An artisan keyboard

It started when Eric sent me a link in email. The subject line was “another keyboard”. I’ve been looking for a new keyboard ever since my beloved Touchstream LP began dying. It’s 12 years old, so I can’t complain.

Having suffered with RSI in my late 20s, I’ve become a big fan of ergonomics. It’s why I switched to typing Dvorak instead of Qwerty.

At work I’ve been using the Kineses Advantage LF (with the cherry key stem). It’s a lot like the Touchstream in terms of light pressure to activate the keys and putting your hands in a neutral position. I even got a pedal that I can use to press the Shift key. It’s a whify thing, I was thinking about buying one for home, until I saw this…

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This is the Keyboardio.

It’s beautiful. It’s ergonomic. It was designed by an indie husband and wife team. You can program the light show that plays across the keys (or turn it off). It’s based on Arduino.

It’s open source. They give you the source code and a screwdriver when you purchase one. Which means that instead of going obsolete over time, this keyboard can actually improve. And if you like to tinker with software and hardware, you can improve it yourself.

One of the things I love about handweaving is the beautiful tools, lovingly created by craftsmen or small companies. Beautiful woods, things that feel as lovely to touch as the things you make using them.

Thanks to a couple of peer bonuses from work, it’s mine. Or at least, it will be when they ship in April 2016.


In February of this year, I joined Google as a technical writer for Google Cloud Platform. People who work at Google refer to themselves as Googlers. Newbies are called Nooglers.

And yes, they issue every single one of us our own beanie cap.


When you join Google they send you to orientation. It’s a week long, which is daunting. But what they’re doing there is orienting you to your new job, but also Google culture, which is a bit different than any other company I’ve worked for. 


One thing I enjoy about Google is the sense of whimsy. On the Mountain View campus you can find fun touches, like this giant Android statue, everywhere.


After my interview, I’d dyed my hair in red, yellow, blue, and free (Google colors) for good luck. When I told my friend David this, his grinned at me and then said affectionately, “Dork.” Yep. Guilty.

When I got to the orientation, I worried about being a fish out of water. Tech companies aren’t known for hiring middle-aged women. I imagined myself the oldest person in a sea of twenty-something guys—with odd hair besides.

So I bonded quickly with Laura, who also showed up with rainbow-colored hair. We later had adventures that involved a photo booth, and gleefully sneaking around Google offices looking for a mythical slide you can ride between floors.


See my face? That’s what I look like after I’ve stayed up late the night before, packing, and have only had two hours of sleep. An since we took our employee photos about 30 minutes before this, it’s pretty much what my badge photo looks like: ouch.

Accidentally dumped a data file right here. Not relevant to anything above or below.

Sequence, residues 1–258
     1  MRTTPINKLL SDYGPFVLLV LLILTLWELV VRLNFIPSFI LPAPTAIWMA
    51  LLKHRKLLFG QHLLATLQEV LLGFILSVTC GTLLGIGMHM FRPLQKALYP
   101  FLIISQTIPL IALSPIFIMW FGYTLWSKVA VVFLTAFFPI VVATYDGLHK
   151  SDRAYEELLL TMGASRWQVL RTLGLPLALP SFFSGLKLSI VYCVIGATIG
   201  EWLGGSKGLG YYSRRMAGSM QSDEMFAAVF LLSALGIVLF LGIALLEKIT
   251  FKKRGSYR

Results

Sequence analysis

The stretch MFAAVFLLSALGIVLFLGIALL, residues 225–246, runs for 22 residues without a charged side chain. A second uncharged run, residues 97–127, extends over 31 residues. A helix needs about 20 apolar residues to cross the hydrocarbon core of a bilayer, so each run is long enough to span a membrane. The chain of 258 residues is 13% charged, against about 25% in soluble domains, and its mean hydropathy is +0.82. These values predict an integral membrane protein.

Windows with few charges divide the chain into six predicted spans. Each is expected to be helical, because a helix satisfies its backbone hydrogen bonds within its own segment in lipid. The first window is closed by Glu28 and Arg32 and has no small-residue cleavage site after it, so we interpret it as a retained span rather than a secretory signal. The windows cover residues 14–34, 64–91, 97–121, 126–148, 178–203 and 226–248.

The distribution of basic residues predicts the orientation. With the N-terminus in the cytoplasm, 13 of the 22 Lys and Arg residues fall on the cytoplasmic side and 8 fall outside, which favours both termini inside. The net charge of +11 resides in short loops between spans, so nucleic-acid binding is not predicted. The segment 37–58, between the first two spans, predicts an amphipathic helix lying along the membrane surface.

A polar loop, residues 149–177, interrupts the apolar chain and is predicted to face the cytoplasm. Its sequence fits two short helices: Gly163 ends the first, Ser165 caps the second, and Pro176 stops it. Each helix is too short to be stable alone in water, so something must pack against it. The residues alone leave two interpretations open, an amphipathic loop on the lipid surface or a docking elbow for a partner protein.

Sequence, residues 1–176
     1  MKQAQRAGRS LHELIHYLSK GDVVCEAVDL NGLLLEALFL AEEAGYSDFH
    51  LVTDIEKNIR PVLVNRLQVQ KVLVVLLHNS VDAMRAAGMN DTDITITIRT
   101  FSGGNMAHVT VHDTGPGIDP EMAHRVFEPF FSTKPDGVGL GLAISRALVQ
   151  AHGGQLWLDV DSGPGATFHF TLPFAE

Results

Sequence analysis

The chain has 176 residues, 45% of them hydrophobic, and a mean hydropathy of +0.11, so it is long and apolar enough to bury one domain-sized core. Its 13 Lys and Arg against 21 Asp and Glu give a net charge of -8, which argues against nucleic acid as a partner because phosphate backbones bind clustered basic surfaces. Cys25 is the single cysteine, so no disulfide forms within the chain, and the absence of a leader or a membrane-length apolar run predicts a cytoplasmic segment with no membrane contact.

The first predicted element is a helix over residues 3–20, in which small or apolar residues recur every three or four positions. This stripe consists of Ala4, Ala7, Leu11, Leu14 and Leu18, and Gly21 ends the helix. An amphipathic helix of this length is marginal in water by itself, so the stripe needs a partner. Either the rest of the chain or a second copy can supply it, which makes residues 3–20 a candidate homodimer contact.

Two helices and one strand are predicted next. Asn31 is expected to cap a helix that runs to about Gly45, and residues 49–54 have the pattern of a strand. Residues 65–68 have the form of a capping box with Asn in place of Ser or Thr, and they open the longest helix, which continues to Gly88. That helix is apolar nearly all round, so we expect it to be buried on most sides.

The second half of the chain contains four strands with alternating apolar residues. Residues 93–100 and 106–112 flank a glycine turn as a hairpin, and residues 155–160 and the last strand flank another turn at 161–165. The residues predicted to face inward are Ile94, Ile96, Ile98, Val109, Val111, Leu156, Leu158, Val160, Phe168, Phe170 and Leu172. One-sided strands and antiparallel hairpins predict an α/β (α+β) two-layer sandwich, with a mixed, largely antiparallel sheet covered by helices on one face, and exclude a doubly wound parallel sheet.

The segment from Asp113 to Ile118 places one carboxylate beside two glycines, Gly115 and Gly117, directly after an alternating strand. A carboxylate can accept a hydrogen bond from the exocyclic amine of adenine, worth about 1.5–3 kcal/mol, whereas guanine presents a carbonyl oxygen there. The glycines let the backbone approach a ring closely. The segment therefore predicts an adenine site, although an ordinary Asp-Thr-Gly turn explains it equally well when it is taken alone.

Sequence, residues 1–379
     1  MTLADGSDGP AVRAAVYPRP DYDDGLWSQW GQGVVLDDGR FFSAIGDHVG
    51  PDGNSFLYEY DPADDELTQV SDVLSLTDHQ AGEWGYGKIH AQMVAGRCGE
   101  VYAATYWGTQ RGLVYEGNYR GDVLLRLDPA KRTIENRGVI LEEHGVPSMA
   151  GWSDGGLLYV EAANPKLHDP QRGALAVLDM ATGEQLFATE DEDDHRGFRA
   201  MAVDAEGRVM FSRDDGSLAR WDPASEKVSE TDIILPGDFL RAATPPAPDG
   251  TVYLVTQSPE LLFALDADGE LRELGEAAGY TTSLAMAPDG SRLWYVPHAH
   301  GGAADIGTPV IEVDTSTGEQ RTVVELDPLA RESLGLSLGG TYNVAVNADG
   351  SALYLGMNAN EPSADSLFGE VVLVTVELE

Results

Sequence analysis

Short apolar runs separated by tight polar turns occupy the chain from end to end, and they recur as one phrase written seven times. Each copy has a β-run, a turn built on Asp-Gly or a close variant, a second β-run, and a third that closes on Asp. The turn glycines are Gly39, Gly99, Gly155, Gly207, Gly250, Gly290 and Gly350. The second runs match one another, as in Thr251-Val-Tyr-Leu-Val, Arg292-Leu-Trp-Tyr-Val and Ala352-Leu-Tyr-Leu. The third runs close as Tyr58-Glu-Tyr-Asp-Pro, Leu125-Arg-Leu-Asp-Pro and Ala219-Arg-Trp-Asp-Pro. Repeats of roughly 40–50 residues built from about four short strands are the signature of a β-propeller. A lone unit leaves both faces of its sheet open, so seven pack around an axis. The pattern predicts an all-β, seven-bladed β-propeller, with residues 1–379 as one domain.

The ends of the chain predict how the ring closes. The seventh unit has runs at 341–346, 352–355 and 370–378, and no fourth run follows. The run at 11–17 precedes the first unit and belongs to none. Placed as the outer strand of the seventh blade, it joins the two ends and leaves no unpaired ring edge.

Oh, and more good news about orientation. Google hires for diversity. And that includes age diversity in addition to gender and race. They have the perspective that many varied viewpoints make for better decisions. They even have an internal affinity group, Greyglers, for folks of a certain age.

One of the exciting things I saw when I was down in Mountain View was one of Google’s self-driving cars. It’s there, at the front of the stop-light line, with the funny cone on top.


By happy coincidence, my friend Cicilie, that I’d worked with at Amazon, was also attending orientation that same week. In this photo, we’re riding in the top of a double-decker bus to lunch. 


I also found time to ride one of the famous Google bikes. To cut down on shuttles, and because the Mountain View campus is sprawling, Google provides bikes outside the buildings. When you need a bike, you hop on one and pedal it to the next building and leave it out front. There’s no reservation or check-out, just everyone sharing. Very Googley.


As I said, there are many whimsical touches around the campus, and many places to lounge and enjoy a moment. I think the idea is that you work hard and take brain breaks so you stay fresh and happy. Pretty smart if you ask me.


At the orientation, there was a wall-mounted board and boxes of legos that you could play with between classes and during the lunch break. On the last day, I added my contribution.


The last night I went out to teppanyaki with Soma, another Noogler, and her husband, Mike, who is tall and of european descent. An awkward moment ensued when we walked in. Soma is about four feet tall, with an adorable face. They asked if we would need a kid’s menu. Soma said, “What am I supposed to be, your adopted daughter?” Apparently this has happened to them before.

Don’t let the sweet face fool you, folks. That is one lethally smart, 30-something, corporate lawyer sitting beside me. The teppanyaki place is lucky she took it easy on them.


In closing, I’ll leave with this photo, taken in an ice cream shop that specializes in unique and unusual flavors.

I call this: geek’s dilemma.